European Western Balkans

European People’s Party members express concern over media freedom in Albania

European People's Party logo; Photo: Flickr / EPP

BRUSSELS – Following the adoption of a highly controversial media law by the Parliament of Albania on Wednesday, two high-ranking members of the European People’s Party (EPP) expressed concern over their impact on media freedom in the country.

The so-called anti-libel package was adopted by the ruling majority on 18 December. Critics say that the it will enable the government to penalize critical media, especially online portals. Journalists staged a protest against the package a day ahead its adoption in the parliament, which was abandoned by most of the opposition MPs earlier this year.

”We note with deep concern that the parliamentary majority of the Albanian government led by Socialist Prime Minister Rama approved two media laws yesterday in open contradiction with specific recommendations of the international community. The European Commission, the Council of Europe as well as Albanian and international media and civil society organisations had voiced strong objections against these laws”, stated Member of the European Parliament Michael Gahler, EPP Coordinator on Foreign Affairs.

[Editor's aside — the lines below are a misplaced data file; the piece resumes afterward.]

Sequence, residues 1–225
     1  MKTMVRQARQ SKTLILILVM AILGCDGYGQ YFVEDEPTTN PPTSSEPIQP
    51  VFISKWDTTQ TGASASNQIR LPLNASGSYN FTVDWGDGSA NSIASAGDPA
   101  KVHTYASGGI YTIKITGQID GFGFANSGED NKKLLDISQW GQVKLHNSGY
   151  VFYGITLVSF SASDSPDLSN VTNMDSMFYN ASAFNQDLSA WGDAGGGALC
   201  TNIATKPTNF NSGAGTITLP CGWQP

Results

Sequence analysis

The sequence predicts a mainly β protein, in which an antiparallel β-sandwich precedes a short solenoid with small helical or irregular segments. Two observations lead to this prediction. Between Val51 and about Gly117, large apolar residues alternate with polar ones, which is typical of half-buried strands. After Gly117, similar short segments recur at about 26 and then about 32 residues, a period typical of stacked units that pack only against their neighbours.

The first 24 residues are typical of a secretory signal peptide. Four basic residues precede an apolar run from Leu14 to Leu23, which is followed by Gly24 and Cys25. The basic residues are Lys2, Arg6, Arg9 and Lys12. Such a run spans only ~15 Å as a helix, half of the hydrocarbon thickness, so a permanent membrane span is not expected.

He noted that the opposition Democratic Party of Albania, an EPP associate member, expressed strong resistance against the adoption of these laws and supports the European and international recommendations.

David Lega, MEP and EPP Rapporteur on Albania, warned that media freedom and the right of information are fundamental freedoms in Europe and an indispensable part of the Copenhagen criteria for EU membership.

“The adopted legislation threatens these freedoms that were acquired long ago by the Albanian people. Free media have been a consistent reporter of abuse of power and exposed many corruption scandals. The adoption must therefore be seen as a serious set-back for Albania on her path towards rule of law and democracy”, Lega emphasised.

He urged the Albanian authorities to reconsider the decision and reverse it.

Last month, EPP adopted a Resolution on Albania during its Congress in Zagreb. The document supported the Democratic Party of Albania “in its efforts to address the legitimate concerns and European aspirations of the people of Albania.”

It also emphasised worrying developments with regards to democracy in the country, such as vote buying, corruption and stagnating electoral reform.

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